Jerusalem Testament: Palestinian Christians Speak, 1988-2008

Jerusalem Testament: Palestinian Christians Speak, 1988-2008

Jerusalem Testament: Palestinian Christians Speak, 1988-2008

Jerusalem Testament: Palestinian Christians Speak, 1988-2008

Synopsis

On January 22, 1988, Jerusalem Heads of Churches issued a public statement on the situation of Palestinian Christians in the Holy Land in reaction to the first Intifada. Over the next twenty years, they issued 67 more remarkable statements of common witness from this conflicted land. / In Jerusalem Testament these statements are -- for the first time -- collected and presented as a body of texts. Melanie May assembles them into a testament that bears witness to: the Gospel of Jesus Christ, the faith and hope of Palestinian Christians, and the faith of the Church anew, incarnate in the lives of Christians living in the land of Jesus' birth, death, resurrection and ascension. / Each chapter begins by setting the context of the particular era -- the first and second Intifadas, the Oslo Accords -- followed by the statements themselves. / This unprecedented gathering calls Christians worldwide to a new covenant with brothers and sisters in the Holy City of Jerusalem.

Excerpt

On 22 January 1988, the Jerusalem Heads of Churches issued the first of what would, by 22 January, 2008, be sixty-eight joint public statements on the situation of Palestinian Christians in the Holy Land, and especially in the Holy City, Jerusalem. These twenty years began with the outbreak of the first Intifada and ended with the siege of Gaza. Life amid such relentless conflict often rends communities asunder. These statements of common witness by the Heads of Christian Communities in Jerusalem are, therefore, all the more remarkable. Living under Israeli occupation — suffering deprivation, harassment, restriction of movement, surveillance — Christians in Jerusalem, for the first time in centuries, bear a common witness to their faith and to their hope: an end to occupation and a just peace.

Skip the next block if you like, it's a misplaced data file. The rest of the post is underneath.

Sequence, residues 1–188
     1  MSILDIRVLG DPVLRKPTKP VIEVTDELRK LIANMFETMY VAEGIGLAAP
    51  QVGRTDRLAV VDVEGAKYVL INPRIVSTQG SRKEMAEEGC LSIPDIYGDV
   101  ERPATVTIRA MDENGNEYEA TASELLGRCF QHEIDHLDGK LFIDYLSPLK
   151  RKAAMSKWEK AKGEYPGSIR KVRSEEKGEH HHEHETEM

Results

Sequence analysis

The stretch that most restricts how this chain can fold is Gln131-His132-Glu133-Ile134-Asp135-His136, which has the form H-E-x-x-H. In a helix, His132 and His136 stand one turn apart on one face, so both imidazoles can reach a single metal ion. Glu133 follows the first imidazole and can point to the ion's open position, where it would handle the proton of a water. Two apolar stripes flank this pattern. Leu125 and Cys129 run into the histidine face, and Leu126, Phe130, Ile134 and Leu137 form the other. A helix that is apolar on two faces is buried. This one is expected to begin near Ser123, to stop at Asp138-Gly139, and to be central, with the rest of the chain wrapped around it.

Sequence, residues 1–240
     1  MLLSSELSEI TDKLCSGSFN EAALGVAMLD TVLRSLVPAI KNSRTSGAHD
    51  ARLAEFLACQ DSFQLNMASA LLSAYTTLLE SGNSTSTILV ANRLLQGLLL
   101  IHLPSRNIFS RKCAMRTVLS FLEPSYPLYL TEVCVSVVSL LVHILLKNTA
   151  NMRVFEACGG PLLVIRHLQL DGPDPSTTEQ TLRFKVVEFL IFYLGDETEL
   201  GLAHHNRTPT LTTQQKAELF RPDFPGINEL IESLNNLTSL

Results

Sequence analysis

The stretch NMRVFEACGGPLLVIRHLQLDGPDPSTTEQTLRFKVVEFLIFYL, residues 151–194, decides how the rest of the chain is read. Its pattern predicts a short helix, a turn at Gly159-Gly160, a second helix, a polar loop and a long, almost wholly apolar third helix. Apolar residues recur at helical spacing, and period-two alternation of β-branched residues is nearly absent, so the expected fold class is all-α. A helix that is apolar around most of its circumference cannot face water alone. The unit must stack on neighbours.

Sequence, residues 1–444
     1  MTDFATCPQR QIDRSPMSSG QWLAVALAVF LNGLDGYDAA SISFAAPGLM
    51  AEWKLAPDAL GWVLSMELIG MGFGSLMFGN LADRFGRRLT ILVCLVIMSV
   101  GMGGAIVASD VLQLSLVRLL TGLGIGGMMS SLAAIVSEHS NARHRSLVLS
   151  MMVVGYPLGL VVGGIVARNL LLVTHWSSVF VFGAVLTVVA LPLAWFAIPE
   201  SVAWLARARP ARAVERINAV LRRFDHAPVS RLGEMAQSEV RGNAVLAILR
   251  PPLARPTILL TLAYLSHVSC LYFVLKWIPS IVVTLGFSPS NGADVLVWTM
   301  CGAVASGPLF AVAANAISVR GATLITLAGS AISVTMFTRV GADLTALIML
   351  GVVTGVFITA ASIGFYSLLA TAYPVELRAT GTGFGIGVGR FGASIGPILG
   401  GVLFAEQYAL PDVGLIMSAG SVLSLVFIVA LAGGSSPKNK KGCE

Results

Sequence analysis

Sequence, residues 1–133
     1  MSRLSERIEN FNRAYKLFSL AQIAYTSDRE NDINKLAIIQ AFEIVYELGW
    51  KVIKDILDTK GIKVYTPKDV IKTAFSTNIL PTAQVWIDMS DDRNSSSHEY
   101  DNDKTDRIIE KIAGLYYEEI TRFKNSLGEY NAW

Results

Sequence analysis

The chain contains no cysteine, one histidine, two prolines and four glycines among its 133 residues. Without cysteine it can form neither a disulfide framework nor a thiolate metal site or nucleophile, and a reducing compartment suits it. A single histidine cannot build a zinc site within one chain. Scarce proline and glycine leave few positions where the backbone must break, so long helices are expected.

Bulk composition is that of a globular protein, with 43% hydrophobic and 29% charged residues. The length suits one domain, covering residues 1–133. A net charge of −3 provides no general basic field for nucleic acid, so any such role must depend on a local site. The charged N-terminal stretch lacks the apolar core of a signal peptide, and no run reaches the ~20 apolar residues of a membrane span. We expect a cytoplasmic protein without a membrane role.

Accordingly, these statements by the Jerusalem Heads of Churches are addressed to “our people.” Statements were read aloud in worship services and posted in church halls. But the Jerusalem Heads of Churches also spoke as representatives of “our people,” and addressed presidents and prime ministers, and also appealed to the worldwide Christian and international communities: “We, the Heads of the Christian Communities in the Holy City, have met together in view of the grave situation prevailing in Jerusalem and the whole of our country. It is our Christian conviction that as Spiritual Leaders we have an urgent duty to follow up the developments of this situation and to make known to the world the conditions of life of our people here in the Holy Land.” the act of issuing these statements was, therefore, both a pastoral and a political act.

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